The coronavirus pandemic may lead to an 8.1% decline in the U.S. gross domestic product in 2020 and persistently elevated unemployment in cities, according to an analysis commissioned by the U.S. Conference of Mayors, underscoring the challenge facing investors and borrowers in the municipal-bond market.
The report lays out daunting scenarios for America’s communities that may prove not dire enough, given that it assumes the outbreak will taper this year. Metropolitan areas will suffer a $1.45 trillion drop in economic output in 2020, with the financial effects of the pandemic on par with the Great Recession a decade ago.
“The surge in Covid-19 infections and increases in hospitalizations and mortality threaten the nascent recovery in economic activity that began in May, underscoring the existence of extraordinary uncertainty about the course of the pandemic and the economic outlook,” according to the report, which IHS Markit also prepared for the Council on Metro Economies and the New American City. “The forecast presented here assumes that the pandemic is gradually brought under control in the second half of the year, an outcome that remains in doubt.”
The mayors’ report adds to a series of pessimistic surveys from local governments grappling with the unprecedented health crisis. Counties face an estimated $202 billion budget hit from the pandemic through fiscal 2021 due to lost revenue, extra costs and state funding cuts, according to a report released Tuesday by the National Association of Counties, a lobbying group.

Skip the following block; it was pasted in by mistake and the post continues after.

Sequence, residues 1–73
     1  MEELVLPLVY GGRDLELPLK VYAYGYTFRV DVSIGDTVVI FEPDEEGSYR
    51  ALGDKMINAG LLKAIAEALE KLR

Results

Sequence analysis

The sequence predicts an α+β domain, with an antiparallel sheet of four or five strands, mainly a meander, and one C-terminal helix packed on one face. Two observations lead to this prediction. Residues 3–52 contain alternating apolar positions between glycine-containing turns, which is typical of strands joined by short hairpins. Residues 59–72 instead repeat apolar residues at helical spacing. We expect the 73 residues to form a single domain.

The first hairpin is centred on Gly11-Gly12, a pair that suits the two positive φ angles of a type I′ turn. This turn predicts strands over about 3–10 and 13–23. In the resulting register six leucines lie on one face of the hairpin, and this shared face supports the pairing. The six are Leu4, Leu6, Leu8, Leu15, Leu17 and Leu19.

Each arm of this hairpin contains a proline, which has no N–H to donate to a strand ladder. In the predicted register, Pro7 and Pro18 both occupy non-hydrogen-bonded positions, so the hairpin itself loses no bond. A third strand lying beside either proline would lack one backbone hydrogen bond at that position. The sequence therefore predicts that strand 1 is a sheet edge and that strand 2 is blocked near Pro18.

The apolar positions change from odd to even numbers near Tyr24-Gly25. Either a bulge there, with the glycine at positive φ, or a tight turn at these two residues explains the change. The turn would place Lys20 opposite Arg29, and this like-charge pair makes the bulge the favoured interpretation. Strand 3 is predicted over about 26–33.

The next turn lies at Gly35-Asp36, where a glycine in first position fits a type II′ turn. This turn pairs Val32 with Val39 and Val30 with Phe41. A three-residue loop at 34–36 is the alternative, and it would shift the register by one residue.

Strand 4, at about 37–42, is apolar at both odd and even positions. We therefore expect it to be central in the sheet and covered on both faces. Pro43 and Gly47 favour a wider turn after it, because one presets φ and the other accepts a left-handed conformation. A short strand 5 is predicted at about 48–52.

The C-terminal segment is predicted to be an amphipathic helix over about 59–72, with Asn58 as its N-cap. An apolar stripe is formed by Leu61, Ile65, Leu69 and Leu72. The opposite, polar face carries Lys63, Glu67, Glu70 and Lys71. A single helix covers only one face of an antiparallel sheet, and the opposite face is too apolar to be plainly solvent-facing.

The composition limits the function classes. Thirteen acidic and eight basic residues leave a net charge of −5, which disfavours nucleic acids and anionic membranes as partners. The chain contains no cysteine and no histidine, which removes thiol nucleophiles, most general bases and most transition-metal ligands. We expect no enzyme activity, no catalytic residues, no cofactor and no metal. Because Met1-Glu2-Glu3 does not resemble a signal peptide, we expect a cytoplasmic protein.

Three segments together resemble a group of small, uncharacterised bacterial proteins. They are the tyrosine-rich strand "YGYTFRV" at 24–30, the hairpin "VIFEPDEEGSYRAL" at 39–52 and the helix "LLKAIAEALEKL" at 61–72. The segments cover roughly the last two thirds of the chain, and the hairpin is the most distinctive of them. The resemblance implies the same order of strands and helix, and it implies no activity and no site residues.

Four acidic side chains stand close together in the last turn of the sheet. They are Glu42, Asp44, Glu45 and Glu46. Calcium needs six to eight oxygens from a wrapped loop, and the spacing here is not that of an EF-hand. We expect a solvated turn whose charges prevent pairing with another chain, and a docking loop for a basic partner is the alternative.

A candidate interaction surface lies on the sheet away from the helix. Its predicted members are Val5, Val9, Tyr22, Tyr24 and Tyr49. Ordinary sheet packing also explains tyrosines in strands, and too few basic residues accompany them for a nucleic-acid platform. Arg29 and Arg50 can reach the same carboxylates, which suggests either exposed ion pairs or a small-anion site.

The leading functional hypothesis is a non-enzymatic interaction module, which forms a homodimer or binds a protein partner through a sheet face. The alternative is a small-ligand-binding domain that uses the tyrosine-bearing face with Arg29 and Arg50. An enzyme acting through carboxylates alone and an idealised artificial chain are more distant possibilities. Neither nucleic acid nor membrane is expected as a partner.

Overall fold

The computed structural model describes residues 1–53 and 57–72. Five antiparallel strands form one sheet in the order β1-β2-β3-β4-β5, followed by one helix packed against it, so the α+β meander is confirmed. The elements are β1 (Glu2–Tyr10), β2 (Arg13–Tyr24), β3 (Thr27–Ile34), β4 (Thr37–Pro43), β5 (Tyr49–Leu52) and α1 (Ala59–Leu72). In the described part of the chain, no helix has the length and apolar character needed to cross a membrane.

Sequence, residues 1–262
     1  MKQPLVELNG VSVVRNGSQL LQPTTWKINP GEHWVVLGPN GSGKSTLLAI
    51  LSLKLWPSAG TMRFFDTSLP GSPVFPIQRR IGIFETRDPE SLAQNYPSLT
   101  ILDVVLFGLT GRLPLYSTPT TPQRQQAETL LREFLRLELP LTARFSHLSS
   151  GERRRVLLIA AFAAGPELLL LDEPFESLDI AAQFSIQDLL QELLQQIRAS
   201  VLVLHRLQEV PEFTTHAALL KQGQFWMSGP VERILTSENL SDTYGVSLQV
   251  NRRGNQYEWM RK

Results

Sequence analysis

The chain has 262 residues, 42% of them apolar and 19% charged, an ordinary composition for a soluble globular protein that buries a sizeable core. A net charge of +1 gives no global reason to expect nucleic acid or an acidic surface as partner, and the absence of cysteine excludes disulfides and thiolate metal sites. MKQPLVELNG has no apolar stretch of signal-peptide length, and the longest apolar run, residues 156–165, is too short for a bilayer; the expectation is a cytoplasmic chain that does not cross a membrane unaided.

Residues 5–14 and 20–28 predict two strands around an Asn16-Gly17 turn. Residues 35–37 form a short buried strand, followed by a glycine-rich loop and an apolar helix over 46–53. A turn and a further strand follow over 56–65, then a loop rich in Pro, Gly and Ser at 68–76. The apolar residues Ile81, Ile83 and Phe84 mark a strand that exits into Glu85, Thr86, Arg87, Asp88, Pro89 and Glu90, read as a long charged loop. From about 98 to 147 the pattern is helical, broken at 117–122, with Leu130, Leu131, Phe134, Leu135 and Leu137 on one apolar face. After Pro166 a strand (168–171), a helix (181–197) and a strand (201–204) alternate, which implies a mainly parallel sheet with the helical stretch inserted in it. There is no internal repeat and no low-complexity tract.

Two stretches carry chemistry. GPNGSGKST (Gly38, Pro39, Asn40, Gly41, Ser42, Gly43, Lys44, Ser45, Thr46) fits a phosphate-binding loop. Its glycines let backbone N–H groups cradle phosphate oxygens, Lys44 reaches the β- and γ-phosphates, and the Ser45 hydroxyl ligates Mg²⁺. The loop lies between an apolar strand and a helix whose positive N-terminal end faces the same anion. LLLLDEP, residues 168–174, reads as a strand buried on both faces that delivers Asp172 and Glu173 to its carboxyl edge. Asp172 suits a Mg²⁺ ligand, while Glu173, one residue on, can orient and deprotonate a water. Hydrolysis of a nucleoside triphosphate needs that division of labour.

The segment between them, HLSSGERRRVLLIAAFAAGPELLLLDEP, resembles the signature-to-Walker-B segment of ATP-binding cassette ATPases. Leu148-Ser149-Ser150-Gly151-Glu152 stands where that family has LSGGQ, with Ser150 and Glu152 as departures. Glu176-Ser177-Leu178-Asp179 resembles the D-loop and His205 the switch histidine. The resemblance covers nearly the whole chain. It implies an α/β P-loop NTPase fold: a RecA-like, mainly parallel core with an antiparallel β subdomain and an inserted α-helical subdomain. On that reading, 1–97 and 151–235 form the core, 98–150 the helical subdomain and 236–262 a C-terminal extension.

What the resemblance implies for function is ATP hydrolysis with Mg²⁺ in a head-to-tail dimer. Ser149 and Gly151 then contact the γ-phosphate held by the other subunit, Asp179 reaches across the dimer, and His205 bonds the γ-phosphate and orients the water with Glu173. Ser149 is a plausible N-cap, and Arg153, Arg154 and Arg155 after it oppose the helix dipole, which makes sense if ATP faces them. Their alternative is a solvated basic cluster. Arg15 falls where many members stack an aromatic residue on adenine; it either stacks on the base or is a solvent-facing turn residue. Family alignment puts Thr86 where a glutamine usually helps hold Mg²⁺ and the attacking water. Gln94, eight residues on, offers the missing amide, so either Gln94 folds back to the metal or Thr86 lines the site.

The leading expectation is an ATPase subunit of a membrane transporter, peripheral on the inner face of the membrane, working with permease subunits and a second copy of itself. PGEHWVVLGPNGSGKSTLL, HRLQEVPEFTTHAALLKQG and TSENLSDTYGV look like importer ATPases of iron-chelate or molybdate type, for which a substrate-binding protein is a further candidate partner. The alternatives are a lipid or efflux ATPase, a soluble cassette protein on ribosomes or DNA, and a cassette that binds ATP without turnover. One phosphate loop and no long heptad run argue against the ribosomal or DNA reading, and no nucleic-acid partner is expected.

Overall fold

As a result, buyers in the $3.9 trillion municipal-bond market, which has rallied sharply from March, are favoring issuers more likely to prove resilient in the pandemic, said Parker Colvin, a managing director and underwriter at Raymond James Financial Inc., who said “demand is strongest for AA and AAA” general-obligation debt and essential service revenue bonds.
AAA bonds have gained 4.38% year to date while Baa securities are basically flat at 0.03%, according to Bloomberg Barclays indexes.
“Contrasting essential entities with those not considered so, municipals may soon experience ‘a tale of two markets’ moving forward,” wrote Matthew Gastall and Daryl Helsing, investment strategists at Morgan Stanley Wealth Management, in a note Wednesday.
Some cities, for instance, will be more hard hit than others because of factors such as reliance on sales taxes or economically sensitive industries and lack of reserves coming into the pandemic. According to the mayors’ report, the average unemployment rate this year will be above 10% in 161 metros, 42% of all. It will be above 8% in 75% of metros and above 6% for most areas.
Even if infections taper, metro job levels by the first quarter next year will remain 5.2% below that of the year earlier, about the same as was seen in the Great Recession, the report said. Chicago, Detroit and New York are among cities whose employment will remain more than 10% below the figure before the pandemic.
In a call to reporters Wednesday organized by the mayors’ group, city leaders stressed the need for additional federal aid.
“What all mayors are worried about is jobs, food, housing security,” said Greg Fischer, president of the group and mayor of Louisville, Kentucky. “We are talking about basics here in just maintaining a life, all of those are in danger without more direct federal assistance.”
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